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Mommy Musings – No ‘ing’ In Sportsmanship

POSTED January 30, 2013 10:08 a.m.

It’s barely February and yet here I find myself, penning yet another ‘sports related’ column.

Truth be told there was a time when new sports reporters passed through our office on a routine basis. During that period I thought it might be fun to maybe ‘switch it up’ and actually approached Editor Marg Jackson with a proposal of possibly getting my feet wet in the Sports section. Much to the benefit of all involved she graciously nodded (in a way only she can) and stated ‘It’s something to consider.’

Since then ‘Mommy mind’ has set in and as my children observe and mimic much that they see, I ponder their actions.

This brings up the most recent topic which I’ve wracked around in my brain for literally weeks and now must process in our pages. The topic of ‘showboating’ or ‘excessive celebration’ which is demonstrated by players large and wide in the NFL.

There’s been much discussion as of late on the topic of ‘Kaepernicking.’ For those unaware of the term (yes there are some) it is in reference to the action of San Francisco 49er quarterback Colin Kaepernick. Many in the NFL ‘celebrate’ accomplishment in numerous ways. Kaepernick’s chosen way is to kiss his biceps. As far as elaborating on the purpose behind this, I will leave that to the quarterback who I have yet to find a statement from explaining the action.

There are multiple blogs, interviews and columns on the topic from varying standpoints. However, I was unable to find one in which he himself states the significance of this action.

Truth be told, for the purpose of this piece … it makes no difference. It’s been a topic of many sports stations and websites for weeks. It only came to affect me personally following the 49er win over the Green Bay Packers.

That following Monday night as we sat down to dinner I caught my five-year-old daughter kissing her biceps. Both shocked and somewhat puzzled I quickly quipped ‘What are you doing?’

‘Kissing my arms like the football players,’ she said. ‘You know, the 49ers?’

Upon further discussion I came to learn that my five-year-old viewed this as a way of expressing her pride in herself. I was baffled, to say the least. Regardless of intent from the player, I began to think of the message my children were taking.

Admittedly, at the onset it was a bit of a challenge as to how to discuss and approach the topic of ‘show boating.’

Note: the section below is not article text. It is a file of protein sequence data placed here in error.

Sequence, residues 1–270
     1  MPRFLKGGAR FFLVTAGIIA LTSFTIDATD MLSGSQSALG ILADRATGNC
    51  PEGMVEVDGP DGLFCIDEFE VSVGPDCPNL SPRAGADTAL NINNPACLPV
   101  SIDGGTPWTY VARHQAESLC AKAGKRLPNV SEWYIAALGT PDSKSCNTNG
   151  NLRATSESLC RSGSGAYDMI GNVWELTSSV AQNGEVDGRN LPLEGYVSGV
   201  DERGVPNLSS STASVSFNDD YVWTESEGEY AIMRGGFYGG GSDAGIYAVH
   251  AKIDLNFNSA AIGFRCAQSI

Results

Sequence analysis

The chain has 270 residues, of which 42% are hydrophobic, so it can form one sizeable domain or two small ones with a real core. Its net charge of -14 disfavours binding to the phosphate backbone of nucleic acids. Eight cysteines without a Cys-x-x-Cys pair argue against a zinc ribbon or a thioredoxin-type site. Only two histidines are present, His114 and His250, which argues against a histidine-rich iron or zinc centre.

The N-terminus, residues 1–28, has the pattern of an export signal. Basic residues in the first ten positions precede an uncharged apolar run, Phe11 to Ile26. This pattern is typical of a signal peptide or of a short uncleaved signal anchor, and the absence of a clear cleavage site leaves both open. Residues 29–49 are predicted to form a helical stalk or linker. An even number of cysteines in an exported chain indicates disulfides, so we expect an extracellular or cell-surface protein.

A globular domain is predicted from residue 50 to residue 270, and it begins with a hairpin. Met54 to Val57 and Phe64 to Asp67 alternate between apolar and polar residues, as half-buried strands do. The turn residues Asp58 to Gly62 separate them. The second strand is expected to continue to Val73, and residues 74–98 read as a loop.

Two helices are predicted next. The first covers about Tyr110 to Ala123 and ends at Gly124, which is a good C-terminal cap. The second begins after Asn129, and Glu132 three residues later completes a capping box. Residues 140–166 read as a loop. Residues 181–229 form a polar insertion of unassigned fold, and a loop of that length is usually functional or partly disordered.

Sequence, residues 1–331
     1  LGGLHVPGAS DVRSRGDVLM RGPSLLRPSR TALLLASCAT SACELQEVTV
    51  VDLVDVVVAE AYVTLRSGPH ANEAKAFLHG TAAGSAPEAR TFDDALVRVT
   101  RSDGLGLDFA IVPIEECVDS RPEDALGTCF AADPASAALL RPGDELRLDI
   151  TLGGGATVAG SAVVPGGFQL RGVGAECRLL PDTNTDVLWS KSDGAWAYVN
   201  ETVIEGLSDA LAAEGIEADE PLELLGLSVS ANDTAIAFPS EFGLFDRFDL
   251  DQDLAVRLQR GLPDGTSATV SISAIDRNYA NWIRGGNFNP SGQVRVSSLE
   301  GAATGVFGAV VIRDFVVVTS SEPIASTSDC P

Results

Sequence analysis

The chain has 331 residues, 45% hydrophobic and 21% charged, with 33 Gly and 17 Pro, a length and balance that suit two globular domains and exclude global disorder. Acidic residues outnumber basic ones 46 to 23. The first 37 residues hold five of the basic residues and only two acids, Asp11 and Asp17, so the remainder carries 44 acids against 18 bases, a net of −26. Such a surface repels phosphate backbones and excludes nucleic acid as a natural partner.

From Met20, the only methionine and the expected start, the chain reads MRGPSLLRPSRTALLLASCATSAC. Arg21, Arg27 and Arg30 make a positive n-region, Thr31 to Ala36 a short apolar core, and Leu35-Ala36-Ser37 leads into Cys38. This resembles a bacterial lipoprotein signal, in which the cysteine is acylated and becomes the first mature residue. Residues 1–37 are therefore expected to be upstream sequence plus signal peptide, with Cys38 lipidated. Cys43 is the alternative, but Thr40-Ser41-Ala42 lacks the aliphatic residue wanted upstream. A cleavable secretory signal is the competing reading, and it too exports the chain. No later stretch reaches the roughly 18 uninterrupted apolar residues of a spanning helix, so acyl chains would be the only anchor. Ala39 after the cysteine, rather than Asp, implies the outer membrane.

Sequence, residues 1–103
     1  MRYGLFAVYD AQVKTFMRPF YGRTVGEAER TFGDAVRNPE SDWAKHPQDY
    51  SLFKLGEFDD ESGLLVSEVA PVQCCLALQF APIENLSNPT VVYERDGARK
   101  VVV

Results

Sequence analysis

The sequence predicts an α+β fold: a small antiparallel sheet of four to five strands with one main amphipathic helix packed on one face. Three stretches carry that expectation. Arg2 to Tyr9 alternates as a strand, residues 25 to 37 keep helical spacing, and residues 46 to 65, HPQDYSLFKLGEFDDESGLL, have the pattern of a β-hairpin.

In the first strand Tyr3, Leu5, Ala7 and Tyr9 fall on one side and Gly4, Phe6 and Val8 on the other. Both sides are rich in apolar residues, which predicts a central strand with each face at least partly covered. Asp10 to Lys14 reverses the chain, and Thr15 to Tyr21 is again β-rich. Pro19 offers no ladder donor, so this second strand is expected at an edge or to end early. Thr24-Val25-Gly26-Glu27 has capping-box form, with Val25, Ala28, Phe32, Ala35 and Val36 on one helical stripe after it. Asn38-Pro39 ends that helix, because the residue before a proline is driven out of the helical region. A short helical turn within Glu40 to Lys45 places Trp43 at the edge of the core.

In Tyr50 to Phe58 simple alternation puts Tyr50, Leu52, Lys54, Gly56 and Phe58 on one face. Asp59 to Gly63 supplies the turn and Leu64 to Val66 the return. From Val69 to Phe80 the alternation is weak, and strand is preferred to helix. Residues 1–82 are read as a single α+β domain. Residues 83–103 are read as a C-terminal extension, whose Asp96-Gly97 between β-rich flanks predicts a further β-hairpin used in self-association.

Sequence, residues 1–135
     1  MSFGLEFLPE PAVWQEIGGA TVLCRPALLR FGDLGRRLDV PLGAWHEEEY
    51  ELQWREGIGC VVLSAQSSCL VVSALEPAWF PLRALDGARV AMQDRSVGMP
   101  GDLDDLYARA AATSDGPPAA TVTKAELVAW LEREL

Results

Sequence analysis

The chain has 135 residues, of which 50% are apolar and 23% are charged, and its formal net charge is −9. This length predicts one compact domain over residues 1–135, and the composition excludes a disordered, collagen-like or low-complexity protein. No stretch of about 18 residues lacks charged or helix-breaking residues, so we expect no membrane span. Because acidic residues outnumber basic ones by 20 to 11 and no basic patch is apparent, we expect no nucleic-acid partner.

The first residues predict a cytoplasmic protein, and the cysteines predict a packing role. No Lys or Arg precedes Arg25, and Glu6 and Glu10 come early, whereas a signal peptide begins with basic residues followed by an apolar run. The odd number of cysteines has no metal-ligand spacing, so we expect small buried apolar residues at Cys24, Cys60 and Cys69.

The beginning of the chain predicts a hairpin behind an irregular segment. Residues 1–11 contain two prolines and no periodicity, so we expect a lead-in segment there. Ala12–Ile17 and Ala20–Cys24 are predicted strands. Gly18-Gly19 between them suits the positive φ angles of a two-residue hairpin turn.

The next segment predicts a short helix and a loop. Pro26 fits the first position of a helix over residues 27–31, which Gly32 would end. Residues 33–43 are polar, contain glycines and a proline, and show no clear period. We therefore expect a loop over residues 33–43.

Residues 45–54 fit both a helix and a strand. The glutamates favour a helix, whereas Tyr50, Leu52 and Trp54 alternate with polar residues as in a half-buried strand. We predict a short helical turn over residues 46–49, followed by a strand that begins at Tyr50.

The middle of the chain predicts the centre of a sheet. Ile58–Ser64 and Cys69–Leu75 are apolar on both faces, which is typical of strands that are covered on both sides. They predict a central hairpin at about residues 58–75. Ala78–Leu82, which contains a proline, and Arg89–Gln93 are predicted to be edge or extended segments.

For those in the ‘Kaepernicking camp’ I say this: I come in peace. Technically and by definition he is neither show boating or demonstrating excessive celebration. To the simple mind he is quite simply kissing his bicep (which my daughter now sees as a way to demonstrate pride).

Regardless of player or action for me as a viewer, a fan I must honestly say … I don’t get it. Yes, I know about the scripture. I’ve read all the ‘testimonials’ of what a ‘great guy’ he is. Makes no difference, I’m still baffled.

There have been many opinions shared on this topic during my lifetime when it comes to sports. The one which resonated with me most came from a friend when addressing the topic of ‘show boating’ or celebrating on the field as a whole.

Loosely translated the friend stated they were a bit confused by the behavior of the celebratory player as they are doing what they are paid to do. Example of this: the wide receiver dancing in the end zone after completing a touchdown. The lineman pumping his chest after making a block or a sack. This is, after all, the National Football League, they are paid to do these jobs.

My friend went on to elaborate a bit more and state when he closed a sales deal, he did not get up and dance in the door of his office for all to see. It’s his job to sell and produce revenue … it’s what he is paid for.

This is not peewee football, which in all honesty makes the topic even more interesting. In peewee or recreational football we (generally and broadly speaking) tend to discourage our young people from such behavior. We encourage them to be humble and they are not getting paid. We teach it under the umbrella of ‘sportsmanship,’ yet somehow when the hobby, the passion becomes a pay check it all changes.

Matter of fact it’s now become so widespread and accepted in the NFL that the simple statement of ‘show boating’ has been replaced to some degree by electing each players name with an ‘ing’ on the end. Again, they are doing their job.

Simply put I know an arsenal of people with many widespread talents that they are genuinely grateful for. Many of them pray to the same God, some do not pray to any God at all. The fact of the matter is they show their gratitude in the way of humbleness and humility. They serve responsibly as role models to young people and graciously continue on.

So, in a long winded way that was the lesson to my children that Monday night following dinner. Always count your blessings. Be grateful for the gifts and talents God has bestowed you with and never demonstrate pride in a way which might make another feel less than capable or deserving. Hard work does indeed pay, but no one likes a show off (unless of course he’s taking our team to the Super Bowl - but that’s a whole other topic).

Pretty simple playground stuff. Thankful to have found the words. Now I’ll just hope they stick.

 

Teresa Hammond is circulation manager for The Oakdale Leader, The Riverbank News and The Escalon Times. She may be reached at thammond@oakdaleleader.com or by calling 847-3021.

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